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Controversy erupts as business owner fined for ‘indecent’ attire in Kelantan

KELANTAN, MALAYSIA — On Sunday (25 June), a female business owner in Kelantan received a compound notice from the city council for wearing shorts that were deemed “indecent”.

This incident stirred up public outrage after the woman shared her frustration on Facebook about being fined while wearing the shorts at her own business premises.

A series of photos posted on social media, showed the 35-year-old shop owner holding the compound notice while dressed in a black T-shirt and blue shorts.

The Kota Bharu City Council defended its decision

The Kota Bharu City Council (MPKB) has responded to the controversy, defending its decision to fine the non-Muslim woman for her clothing.

Rosnazli Amin, MPKB chairperson issued a statement on Monday (26 June), clarifying that the woman was actually wearing a different outfit at the time when the compound was issued, contrary to what she had shared on Facebook.

The MPKB shared a series of photos on their official Facebook page, depicting the woman wearing an oversized pink T-shirt that covered her shorts, while an enforcement officer is seen standing at the entrance of her boutique.

According to the compound notice shared online, the alleged offense stated, “Non-Muslim owner dressed immodestly (wearing a T-shirt and short shorts, reaching the back).”

The MPKB claimed that the compound action issued by the enforcement officers against the shopowner is in accordance with Section 34(2)(b) of the Business and Industrial Trade By-Laws 2019, which requires non-Muslim business owners and their non-Muslim employees to wear “decent clothes.”

For Muslim individuals, the by-law mandates clothing that covers the aurat.

The compound notice specified that the woman has a seven-day period to settle the fine or face legal consequences. However, the exact amount of the fine issued to the woman was not specified.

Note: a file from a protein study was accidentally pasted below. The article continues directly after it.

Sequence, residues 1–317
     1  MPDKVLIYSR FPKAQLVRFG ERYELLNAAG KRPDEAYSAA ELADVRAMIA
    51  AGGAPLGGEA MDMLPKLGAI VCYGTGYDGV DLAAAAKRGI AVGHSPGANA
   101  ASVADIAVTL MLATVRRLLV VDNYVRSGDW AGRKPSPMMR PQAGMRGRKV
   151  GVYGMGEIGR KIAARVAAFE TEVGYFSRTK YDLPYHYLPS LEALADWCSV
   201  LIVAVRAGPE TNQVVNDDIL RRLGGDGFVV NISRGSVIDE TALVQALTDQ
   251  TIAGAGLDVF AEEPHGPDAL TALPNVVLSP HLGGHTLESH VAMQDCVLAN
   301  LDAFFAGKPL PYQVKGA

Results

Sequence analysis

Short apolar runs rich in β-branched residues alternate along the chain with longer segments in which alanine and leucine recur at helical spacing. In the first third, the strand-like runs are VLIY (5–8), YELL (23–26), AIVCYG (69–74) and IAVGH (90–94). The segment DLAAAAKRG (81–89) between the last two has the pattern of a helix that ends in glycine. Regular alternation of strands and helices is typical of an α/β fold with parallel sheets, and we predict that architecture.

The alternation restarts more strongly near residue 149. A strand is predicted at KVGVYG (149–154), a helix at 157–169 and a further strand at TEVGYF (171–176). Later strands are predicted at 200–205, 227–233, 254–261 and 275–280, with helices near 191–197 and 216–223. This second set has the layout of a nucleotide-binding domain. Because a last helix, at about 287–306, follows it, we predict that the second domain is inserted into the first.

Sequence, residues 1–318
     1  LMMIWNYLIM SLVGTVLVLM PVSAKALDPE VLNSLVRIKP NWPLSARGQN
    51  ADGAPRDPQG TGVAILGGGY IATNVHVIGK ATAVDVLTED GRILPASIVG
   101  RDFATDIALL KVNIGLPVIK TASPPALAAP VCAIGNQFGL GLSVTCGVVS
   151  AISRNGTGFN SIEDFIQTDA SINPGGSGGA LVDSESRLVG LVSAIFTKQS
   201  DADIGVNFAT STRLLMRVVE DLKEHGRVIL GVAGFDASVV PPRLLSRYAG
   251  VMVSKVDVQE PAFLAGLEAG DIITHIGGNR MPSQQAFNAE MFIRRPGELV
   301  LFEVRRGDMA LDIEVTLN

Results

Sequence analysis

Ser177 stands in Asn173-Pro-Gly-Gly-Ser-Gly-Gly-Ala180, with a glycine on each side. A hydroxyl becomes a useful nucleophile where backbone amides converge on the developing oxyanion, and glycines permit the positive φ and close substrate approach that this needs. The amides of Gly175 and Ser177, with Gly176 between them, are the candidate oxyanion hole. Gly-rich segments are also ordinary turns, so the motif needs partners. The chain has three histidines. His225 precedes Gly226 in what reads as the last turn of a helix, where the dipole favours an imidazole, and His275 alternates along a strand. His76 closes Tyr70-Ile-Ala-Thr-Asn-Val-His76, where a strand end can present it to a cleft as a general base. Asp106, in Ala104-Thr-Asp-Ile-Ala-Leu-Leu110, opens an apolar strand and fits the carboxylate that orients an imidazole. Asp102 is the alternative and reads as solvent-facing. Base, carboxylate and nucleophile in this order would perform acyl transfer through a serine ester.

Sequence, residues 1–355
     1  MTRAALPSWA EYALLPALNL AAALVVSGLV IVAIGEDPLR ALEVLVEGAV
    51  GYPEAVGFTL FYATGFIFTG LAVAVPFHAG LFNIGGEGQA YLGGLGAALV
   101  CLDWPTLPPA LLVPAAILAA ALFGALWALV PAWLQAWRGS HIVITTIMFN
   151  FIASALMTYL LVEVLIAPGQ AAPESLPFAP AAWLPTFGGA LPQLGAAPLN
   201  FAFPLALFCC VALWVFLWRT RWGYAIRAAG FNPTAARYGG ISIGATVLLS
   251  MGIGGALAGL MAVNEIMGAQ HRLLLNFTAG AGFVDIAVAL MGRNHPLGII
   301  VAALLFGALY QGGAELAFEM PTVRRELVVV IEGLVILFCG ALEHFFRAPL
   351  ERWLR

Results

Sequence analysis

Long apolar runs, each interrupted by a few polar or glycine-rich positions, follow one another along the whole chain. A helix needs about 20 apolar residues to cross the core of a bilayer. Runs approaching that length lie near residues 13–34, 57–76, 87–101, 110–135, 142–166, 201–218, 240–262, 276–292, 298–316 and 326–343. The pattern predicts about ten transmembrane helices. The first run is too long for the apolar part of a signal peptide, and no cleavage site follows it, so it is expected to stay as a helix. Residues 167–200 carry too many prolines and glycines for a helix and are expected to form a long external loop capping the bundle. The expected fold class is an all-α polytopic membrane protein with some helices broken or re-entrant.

Pro-Malay opposition party criticised MPKB for policing public clothing

However, even the pro-Malay opposition party in Malaysia, Parti Pribumi Bersatu Malaysia (Bersatu), disagreed with MPKB’s clarification.

Sasha Lyna Abdul Latiff, the Deputy Chairman of BERSATU’s Law and Constitution Bureau, stated that MPKB “does not have the authority to control clothing or morality.”

“Firstly, Section 34(2)(b) of the Business and Industrial Trade By-Laws 2019 is invalid as it exceeds the powers granted to the council under Section 102 of the Local Government Act 1976 to make by-laws.

“Section 102 of the Local Government Act only allows the council to make by-laws related to ‘health, safety, and welfare’,” she said in a statement.

Meanwhile, Sasha also claimed that the word “decent” in Section 34(2)(b) is vague and can be interpreted differently.

“It is unfair to impose a compound on the woman when the definition of the offense is unclear,” she added, emphasizing that the standards applied to Muslim women, such as covering the aurat, cannot be applied to non-Muslims.

Minister urged the city council to revoke the compound 

According to Malaysia’s Chinese media outlet Oriental Daily News, Nga Kor Ming, the Local Government Development Minister, has urged MPKB to revoke the compound issued to the non-Muslim shop owner for dressing inappropriately.

Mr. Nga stated that MPKB’s decision violates the constitutionally protected freedom. He emphasized that freedom of attire should be respected in a multicultural society.

“This is a non-Muslim shop owner in her own shop, wearing shorts. It is a fundamental right protected by the federal constitution.”

Therefore, I hope that the city council or local authorities (PBT) will take note of this.

“Don’t be too extreme, don’t issue summonses immediately, at least there can be discussions, admonishments, and education first.”

Controversies over dress code enforcement

The incident is not an isolated case of governmental or local authorities facing criticism for their approach to policing public attire in Malaysia.

Earlier this year in February, the Kajang police in Selangor state received backlash from the former Malaysia national police chief and the current minister for denying entry to a woman wearing Bermuda shorts when she wanted to lodge a police report at the police headquarters.

Similarly, a hospital in Kampar, Perak faced criticism after a young woman was allegedly denied entry due to her choice of shorts, adding to the ongoing debate surrounding dress codes in public places.

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